Young Adult literature’s been at the forefront of diversity in literature for at least half a decade now, and while there’s still plenty further to go (as this list does help evidence by being largely half-white in each case), strong multiracial representation has been a wonderful area of growth to witness. The multiracial experience plays a large role in most (but not all) of these titles, and hopefully we’ll be seeing lots more to come.
The Black Flamingo
Atta’s award-winning novel in verse stars a boy named Michael who’s grappling with the confusion intertwined with coming of age as a gay mixed-race teen. Jamaican on his father’s side and Greek-Cypriot on his mother’s, Michael’s struggling to find somewhere people will accept him in full for who he is…until he goes to college and discovers the world of drag.
(For more YA about being Black, white, and gay, check out The Summer of Everything by Julian Winters and The Passing Playbook by Isaac Fitzsimons.)
From Little Tokyo, With Love
In this love letter to Little Tokyo and LA at large, Rika’s life sounds like the beginnings of a Cinderella story, but with no happy ending in sight. Then she spots rom-com queen Grace Nakamura at a parade, and she knows without a doubt that Grace is her long-lost mother.
Together with the extremely cute Henry Chen, Rika runs all over the city to find her, hoping that at the end of her journey, she’ll finally find the sense of belonging she’s been searching for her entire life as a biracial girl with anger issues.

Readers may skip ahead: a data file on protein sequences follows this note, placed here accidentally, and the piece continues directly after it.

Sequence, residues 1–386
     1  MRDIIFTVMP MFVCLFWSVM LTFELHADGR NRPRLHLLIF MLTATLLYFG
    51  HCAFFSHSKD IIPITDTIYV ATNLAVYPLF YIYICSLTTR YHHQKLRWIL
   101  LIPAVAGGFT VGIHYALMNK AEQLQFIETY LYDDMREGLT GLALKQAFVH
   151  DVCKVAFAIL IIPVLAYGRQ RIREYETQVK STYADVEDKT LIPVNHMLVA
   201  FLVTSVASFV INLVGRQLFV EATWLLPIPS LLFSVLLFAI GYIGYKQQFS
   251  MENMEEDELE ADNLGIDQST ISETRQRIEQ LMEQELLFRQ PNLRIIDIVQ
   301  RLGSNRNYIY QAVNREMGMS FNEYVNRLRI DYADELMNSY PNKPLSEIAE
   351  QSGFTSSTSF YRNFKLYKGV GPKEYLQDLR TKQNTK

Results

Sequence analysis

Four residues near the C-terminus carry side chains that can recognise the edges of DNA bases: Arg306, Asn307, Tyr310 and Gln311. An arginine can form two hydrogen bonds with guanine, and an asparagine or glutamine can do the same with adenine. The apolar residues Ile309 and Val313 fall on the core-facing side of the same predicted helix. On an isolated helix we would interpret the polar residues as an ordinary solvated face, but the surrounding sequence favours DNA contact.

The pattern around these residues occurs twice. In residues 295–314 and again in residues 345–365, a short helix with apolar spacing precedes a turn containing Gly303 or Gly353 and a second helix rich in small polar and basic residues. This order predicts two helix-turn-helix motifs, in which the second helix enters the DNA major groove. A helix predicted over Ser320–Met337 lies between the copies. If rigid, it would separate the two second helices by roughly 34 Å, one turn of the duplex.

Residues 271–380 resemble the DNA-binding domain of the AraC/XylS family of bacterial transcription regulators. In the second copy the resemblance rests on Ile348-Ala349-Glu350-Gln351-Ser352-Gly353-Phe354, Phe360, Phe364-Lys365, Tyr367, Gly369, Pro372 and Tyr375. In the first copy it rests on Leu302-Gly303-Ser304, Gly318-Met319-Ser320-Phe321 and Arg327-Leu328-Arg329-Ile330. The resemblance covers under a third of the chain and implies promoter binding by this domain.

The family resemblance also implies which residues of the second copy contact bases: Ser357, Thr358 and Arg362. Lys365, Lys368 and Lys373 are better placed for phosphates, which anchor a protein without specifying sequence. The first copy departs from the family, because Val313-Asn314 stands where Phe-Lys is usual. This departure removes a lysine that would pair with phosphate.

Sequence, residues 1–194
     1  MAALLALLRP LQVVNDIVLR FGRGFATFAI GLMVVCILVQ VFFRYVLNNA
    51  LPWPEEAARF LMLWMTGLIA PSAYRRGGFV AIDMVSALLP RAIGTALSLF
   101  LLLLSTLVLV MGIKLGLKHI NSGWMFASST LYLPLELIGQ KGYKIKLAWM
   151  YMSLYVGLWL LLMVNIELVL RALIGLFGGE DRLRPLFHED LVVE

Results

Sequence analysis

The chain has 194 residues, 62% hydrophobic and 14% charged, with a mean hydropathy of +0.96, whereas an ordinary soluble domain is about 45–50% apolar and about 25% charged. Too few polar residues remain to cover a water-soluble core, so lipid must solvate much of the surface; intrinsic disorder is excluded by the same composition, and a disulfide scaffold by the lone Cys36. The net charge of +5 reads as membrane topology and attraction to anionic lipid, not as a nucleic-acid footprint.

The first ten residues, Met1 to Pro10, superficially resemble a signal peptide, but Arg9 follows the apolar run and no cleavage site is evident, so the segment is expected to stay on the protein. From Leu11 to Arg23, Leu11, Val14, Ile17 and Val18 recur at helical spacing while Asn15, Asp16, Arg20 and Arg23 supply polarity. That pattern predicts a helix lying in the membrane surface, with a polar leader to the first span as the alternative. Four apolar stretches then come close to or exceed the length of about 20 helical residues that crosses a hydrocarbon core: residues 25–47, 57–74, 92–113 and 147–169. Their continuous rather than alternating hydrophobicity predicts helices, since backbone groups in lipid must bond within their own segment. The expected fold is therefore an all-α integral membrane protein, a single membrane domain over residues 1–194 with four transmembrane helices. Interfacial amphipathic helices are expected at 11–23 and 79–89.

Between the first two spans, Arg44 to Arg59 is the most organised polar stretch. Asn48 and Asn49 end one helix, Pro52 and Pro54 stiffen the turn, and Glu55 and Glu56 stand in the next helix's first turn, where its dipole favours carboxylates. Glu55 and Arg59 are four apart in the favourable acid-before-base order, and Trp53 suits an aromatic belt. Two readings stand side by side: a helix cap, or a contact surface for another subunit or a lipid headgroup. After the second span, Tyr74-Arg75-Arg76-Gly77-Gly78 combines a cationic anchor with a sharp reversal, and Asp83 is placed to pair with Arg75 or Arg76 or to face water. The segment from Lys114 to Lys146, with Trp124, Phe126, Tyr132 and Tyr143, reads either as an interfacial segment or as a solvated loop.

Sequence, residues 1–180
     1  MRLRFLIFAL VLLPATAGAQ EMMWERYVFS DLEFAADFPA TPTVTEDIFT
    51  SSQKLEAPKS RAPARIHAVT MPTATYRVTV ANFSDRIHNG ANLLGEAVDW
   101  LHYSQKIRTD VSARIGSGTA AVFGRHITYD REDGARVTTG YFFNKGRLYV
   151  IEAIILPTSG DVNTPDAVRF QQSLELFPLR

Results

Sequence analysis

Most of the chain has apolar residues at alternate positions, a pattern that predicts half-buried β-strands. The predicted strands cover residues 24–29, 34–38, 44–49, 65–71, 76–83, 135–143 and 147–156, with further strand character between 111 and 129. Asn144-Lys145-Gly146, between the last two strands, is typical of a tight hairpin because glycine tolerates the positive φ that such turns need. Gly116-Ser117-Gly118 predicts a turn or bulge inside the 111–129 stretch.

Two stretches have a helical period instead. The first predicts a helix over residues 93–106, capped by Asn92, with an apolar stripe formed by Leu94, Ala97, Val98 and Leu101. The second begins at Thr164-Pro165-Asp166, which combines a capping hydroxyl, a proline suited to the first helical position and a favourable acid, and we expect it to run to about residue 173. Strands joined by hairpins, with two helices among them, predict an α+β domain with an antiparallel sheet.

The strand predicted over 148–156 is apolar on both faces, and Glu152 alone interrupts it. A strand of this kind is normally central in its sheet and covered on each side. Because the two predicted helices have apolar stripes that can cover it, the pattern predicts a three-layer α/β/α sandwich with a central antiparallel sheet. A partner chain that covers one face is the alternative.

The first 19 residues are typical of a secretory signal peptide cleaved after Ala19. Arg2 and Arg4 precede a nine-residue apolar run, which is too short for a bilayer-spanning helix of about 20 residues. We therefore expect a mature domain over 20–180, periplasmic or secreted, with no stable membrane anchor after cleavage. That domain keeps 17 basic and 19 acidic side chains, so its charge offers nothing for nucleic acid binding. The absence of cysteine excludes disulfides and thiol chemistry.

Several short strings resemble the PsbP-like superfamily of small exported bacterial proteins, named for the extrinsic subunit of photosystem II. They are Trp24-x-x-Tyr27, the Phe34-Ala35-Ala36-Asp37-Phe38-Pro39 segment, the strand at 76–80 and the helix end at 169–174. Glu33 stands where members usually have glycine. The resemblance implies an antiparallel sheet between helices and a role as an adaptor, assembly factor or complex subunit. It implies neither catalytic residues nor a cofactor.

But a part of her has to wonder whether happy endings are really a possibility for someone like her. (For more great YAs about being East Asian and white, check out Akemi Dawn Bowman’s work, To All the Boys I’ve Loved Before by Jenny Han, This Place is Still Beautiful by XiXi Tan, and The Astonishing Color of After by Emily X.R. Pan.)
Bestselling author Yoon splashed onto the scene hard with this debut novel about a Black-and-Japanese girl named Maddy whose life experiences are massively limited by the fact that she’s allergic to literally everything.
As a result, her life is confined to her mother and her nurse (her father and brother died years earlier in an accident), until a moving truck shows up next door and brings Olly into her life. Now Maddy’s feeling every inch of the life she’s missing, and she’s not sure how long she’s willing to go on missing it…
Meet Cute Diary
All Noah wants is to make other trans kids happy. A popular blogger, he’s comfortable in his own triracial and multicultural (Noah’s Black, Japanese, and Puerto Rican) trans body, and he wants that for kids who need proof there’s a happily ever after out there for them, too.
So what if he has to manufacture a boyfriend and get someone to play the part for that to happen? But Noah still has a lot to learn about who and what he wants, and he isn’t gonna find it in a romance rooted in lies.
The Summer of Bitter and Sweet
Ferguson’s absolutely gorgeous contemporary YA novel manages to seamlessly blend a light, romantic, ice cream-centric story with hard-hitting explorations of generational trauma, demisexuality, and having both Indigenous and white parentage with extremely fraught origins.